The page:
NEW DELHI  - A gang of rapists who savagely assaulted a woman on a bus in New Delhi tried to run her over after the fatal attack, reports said Wednesday, citing a police account of the incident.

Her boyfriend, who was beaten up and thrown off the bus after the woman had been repeatedly raped, managed to pull her to safety just in time, police are set to allege in a 1,000-page charge sheet to be presented in court on Thursday.

The 23-year-old female medical student, whose ordeal last month has brought simmering anger about widespread sex crime in India to the boil, bit three of her attackers as she attempted to fight them off, local newspapers and TV reports said.

These injuries on the suspects, as well as forensic evidence such as blood, semen and hair samples and the testimony of her injured boyfriend, are expected to form the main evidence against the accused, reports and police sources said. Five men have been arrested and are expected on Thursday to formally face murder and rape charges in a fast-track court set up to try them.

A sixth suspect is believed to be 17 years old, meaning he would be tried in a juvenile court, and police are conducting bone tests to determine his age.  Lawyers at the Saket district court in south Delhi, where hearings are set to begin, told AFP Wednesday that they would not defend the men, meaning that the government would have to appoint advocates for them.

“We have decided that no lawyer will stand up to defend the rape accused, as it would be immoral to defend the case,” Sanjay Kumar, a lawyer and member of the Saket District Bar Council, told AFP. Kumar said the 2,500 advocates at the court have decided to “stay away” to ensure “speedy justice”. India’s Home Minister Sushilkumar Shinde said Tuesday that the suspects risked the death penalty if found guilty, adding that the case against them appeared very strong. The Times of India newspaper reported that the charge sheet was likely to begin with details on how the driver of the private vehicle, who allegedly took part in the rape, got his group of friends together and set out for a joyride.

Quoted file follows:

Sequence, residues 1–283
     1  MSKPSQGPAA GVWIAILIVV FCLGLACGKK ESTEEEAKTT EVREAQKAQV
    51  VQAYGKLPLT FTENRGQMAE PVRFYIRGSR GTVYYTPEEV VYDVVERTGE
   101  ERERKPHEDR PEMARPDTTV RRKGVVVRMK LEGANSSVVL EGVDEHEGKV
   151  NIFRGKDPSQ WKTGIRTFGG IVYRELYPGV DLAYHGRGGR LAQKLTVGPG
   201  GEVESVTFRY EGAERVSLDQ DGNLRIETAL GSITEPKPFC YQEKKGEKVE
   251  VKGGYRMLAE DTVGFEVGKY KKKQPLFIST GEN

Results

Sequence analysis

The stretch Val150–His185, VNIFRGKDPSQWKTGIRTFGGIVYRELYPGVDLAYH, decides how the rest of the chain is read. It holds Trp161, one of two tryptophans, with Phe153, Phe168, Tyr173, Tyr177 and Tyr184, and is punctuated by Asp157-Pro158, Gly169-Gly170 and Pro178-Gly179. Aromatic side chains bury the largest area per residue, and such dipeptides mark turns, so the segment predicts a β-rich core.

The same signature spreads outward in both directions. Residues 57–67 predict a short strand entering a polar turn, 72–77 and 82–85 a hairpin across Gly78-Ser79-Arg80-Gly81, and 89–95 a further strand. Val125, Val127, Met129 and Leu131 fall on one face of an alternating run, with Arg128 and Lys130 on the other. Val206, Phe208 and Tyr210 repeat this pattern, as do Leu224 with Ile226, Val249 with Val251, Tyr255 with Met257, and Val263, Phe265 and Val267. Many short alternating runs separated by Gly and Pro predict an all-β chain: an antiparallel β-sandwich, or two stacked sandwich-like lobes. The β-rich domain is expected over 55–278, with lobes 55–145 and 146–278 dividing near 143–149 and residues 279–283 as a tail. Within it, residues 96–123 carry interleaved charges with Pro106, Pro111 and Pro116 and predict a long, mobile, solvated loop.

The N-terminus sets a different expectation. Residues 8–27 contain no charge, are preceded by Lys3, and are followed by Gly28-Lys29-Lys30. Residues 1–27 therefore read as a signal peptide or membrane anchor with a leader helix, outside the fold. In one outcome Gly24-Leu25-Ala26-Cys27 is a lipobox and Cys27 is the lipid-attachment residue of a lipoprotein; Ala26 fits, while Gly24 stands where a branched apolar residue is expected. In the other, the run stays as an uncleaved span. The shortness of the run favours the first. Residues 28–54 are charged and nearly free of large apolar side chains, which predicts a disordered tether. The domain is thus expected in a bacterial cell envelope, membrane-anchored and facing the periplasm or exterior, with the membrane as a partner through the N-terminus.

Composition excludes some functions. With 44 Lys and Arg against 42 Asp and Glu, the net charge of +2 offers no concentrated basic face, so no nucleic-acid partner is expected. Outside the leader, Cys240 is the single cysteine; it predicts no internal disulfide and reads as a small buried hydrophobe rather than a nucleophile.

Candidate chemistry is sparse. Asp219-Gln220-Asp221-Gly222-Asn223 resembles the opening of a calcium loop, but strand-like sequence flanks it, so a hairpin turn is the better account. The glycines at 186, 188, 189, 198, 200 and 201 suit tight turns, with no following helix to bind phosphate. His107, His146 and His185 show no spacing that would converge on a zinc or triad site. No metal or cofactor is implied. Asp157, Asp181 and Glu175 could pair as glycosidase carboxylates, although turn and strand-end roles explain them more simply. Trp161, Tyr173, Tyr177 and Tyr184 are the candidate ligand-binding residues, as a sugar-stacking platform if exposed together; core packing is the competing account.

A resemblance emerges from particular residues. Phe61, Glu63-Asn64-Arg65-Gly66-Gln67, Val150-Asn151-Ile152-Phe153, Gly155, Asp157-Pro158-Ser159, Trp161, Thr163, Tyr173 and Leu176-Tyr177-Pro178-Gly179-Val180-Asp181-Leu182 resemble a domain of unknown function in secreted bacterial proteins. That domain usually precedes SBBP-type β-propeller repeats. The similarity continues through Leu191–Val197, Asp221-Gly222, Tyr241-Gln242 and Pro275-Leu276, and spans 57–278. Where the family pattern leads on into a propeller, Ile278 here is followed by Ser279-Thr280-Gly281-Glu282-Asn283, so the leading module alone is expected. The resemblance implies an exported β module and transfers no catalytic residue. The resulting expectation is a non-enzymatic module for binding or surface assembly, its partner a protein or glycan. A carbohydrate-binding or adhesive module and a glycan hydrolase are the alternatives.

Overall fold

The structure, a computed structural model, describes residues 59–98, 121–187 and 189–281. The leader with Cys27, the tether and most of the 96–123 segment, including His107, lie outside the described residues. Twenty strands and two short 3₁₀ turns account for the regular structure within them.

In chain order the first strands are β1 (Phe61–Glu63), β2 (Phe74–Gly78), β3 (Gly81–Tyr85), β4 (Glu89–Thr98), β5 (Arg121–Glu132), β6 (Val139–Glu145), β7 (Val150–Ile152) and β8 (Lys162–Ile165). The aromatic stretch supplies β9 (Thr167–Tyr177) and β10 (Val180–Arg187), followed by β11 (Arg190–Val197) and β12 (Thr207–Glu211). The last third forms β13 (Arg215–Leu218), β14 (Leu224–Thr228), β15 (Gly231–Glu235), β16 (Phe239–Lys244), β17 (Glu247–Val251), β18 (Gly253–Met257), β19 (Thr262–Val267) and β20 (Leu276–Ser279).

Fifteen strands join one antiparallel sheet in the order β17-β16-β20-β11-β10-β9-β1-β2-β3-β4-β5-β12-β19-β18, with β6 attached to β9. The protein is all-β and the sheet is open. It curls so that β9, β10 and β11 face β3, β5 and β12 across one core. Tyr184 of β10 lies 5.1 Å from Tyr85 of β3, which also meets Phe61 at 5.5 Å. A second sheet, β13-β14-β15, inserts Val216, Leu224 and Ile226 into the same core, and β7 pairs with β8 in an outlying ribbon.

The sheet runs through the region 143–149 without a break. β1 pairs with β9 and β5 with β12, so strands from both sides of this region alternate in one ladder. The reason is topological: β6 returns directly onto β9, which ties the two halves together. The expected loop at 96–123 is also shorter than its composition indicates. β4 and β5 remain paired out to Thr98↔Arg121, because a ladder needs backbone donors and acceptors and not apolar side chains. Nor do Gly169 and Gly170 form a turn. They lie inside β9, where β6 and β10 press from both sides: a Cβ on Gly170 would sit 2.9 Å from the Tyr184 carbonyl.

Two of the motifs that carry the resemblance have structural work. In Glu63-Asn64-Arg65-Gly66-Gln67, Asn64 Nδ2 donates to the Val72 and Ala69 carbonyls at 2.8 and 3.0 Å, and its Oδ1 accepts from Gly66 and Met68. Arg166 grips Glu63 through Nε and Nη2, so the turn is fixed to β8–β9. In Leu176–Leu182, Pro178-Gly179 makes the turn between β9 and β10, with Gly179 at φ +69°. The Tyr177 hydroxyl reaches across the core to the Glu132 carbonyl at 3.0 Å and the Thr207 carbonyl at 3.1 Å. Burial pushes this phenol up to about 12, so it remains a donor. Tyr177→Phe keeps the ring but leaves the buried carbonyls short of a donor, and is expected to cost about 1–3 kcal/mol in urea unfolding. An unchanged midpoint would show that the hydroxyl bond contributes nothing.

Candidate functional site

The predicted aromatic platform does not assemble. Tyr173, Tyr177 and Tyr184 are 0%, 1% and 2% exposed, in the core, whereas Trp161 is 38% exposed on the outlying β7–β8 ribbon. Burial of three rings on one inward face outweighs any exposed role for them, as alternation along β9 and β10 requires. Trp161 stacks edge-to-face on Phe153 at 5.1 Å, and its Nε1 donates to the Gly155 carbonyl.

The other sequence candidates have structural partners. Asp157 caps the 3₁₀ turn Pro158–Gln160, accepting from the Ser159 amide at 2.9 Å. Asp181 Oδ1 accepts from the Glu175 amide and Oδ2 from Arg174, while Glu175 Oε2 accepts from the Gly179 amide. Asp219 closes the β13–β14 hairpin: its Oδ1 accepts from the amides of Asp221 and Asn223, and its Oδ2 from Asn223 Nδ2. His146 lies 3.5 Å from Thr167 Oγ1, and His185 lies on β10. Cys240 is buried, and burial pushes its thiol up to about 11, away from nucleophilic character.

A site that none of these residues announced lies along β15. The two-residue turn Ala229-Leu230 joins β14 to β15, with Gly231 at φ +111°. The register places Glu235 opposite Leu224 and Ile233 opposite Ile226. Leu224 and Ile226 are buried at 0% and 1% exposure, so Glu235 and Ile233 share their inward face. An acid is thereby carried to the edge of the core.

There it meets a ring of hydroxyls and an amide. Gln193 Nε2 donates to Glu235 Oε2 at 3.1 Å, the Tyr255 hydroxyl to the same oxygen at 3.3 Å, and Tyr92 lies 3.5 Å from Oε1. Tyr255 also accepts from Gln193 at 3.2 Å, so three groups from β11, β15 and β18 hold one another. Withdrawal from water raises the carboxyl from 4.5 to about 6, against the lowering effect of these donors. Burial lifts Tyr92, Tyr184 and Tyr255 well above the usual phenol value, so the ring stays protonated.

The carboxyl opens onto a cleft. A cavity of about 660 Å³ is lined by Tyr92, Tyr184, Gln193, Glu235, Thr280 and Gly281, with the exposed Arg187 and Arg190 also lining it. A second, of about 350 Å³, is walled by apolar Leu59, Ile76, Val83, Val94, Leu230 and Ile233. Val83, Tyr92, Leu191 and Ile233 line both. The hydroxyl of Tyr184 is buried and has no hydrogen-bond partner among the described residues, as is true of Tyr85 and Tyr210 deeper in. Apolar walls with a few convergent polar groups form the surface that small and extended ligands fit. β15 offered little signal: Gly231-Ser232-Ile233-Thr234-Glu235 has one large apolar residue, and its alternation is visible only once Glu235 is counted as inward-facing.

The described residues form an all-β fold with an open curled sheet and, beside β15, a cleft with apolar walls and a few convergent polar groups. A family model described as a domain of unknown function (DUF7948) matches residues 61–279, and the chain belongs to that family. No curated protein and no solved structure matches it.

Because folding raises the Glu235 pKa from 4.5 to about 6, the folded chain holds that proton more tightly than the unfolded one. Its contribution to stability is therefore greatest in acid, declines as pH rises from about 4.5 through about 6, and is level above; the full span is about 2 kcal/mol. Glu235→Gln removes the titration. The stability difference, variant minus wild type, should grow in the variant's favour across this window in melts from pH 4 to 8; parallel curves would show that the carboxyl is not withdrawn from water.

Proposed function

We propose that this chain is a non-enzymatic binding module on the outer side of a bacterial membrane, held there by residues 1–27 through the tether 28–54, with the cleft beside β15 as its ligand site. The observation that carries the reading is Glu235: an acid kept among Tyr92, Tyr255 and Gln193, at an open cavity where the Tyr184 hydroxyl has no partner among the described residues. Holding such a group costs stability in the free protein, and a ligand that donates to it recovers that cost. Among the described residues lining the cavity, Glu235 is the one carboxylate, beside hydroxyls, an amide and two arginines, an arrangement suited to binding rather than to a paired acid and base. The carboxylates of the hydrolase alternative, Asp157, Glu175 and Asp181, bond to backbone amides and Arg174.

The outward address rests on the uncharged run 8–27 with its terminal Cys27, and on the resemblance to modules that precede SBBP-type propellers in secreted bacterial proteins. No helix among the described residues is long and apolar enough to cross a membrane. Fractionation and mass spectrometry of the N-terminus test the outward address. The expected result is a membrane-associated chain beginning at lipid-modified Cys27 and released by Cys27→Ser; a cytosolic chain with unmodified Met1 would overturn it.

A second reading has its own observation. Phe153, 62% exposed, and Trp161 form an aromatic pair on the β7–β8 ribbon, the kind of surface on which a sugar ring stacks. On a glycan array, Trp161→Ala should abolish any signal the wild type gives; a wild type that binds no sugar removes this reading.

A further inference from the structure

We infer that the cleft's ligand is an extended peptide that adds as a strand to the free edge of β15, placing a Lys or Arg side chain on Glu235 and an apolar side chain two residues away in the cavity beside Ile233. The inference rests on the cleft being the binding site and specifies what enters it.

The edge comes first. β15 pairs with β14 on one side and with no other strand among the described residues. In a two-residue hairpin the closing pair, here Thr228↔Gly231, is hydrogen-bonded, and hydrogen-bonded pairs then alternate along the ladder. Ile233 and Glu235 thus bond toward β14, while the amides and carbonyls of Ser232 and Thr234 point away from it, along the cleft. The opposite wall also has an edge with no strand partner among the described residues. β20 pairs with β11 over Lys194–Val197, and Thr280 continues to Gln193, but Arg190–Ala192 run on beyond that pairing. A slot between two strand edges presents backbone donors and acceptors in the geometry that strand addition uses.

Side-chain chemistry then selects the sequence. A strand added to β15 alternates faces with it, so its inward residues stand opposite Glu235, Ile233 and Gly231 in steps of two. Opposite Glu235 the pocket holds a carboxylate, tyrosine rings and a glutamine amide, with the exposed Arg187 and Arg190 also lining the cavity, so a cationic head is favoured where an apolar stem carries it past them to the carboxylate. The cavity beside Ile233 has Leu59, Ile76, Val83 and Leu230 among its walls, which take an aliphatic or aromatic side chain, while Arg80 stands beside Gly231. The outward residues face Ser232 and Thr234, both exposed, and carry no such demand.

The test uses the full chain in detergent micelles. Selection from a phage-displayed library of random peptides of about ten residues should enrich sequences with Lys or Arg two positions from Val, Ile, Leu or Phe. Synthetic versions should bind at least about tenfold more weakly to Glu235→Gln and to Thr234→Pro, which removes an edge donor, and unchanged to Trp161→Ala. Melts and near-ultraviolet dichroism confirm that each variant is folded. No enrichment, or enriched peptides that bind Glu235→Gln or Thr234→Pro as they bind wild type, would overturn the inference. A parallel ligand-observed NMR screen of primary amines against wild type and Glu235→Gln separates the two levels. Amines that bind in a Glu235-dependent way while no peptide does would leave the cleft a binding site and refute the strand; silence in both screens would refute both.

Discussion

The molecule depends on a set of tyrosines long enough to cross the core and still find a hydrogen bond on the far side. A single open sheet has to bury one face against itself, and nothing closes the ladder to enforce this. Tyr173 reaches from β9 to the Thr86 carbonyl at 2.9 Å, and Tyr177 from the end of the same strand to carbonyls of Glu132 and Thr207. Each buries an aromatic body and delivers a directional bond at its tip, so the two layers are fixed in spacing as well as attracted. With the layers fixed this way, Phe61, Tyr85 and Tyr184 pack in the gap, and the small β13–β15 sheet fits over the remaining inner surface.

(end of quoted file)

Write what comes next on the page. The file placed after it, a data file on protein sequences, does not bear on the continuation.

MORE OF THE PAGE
One of the charges against the accused relates to the destruction of evidence, the paper said, since the driver had tried to wash the bus and had burned the clothes that were snatched from the victim. The woman died at the weekend after a 13-day struggle to survive injuries so grievous that her intestines had to be removed. She also underwent three major surgeries and suffered a cardiac arrest before being flown to Singapore.

The brutality and horrific nature of the attack has led to protests in the capital and elsewhere, and has prompted calls for the death penalty for the rapists. Several hundred people took part in a solidarity march for women on Wednesday organised by the Delhi government which ended at Rajghat, the memorial for slain independence hero Mahatma Gandhi. Prayers were held for the victim, whose ashes were scattered in the river Ganges on Tuesday by her distraught family. The central government, which has faced a wave of public anger over the attack, has set up a special committee to look into women’s safety and the police, while a separate panel will recommend changes to the law.

Junior Education Minister Shashi Tharoor sparked a controversy Wednesday when he suggested that a proposed new anti-rape law to toughen sentences against sex offenders be named after the dead student.

While much of her identity is known, her name has not been disclosed. “Unless her parents object, she should be honoured and the revised anti-rape law named after her,” Tharoor wrote on Twitter. Victims of sex crimes are granted anonymity to avoid them or their families facing stigma from the crime.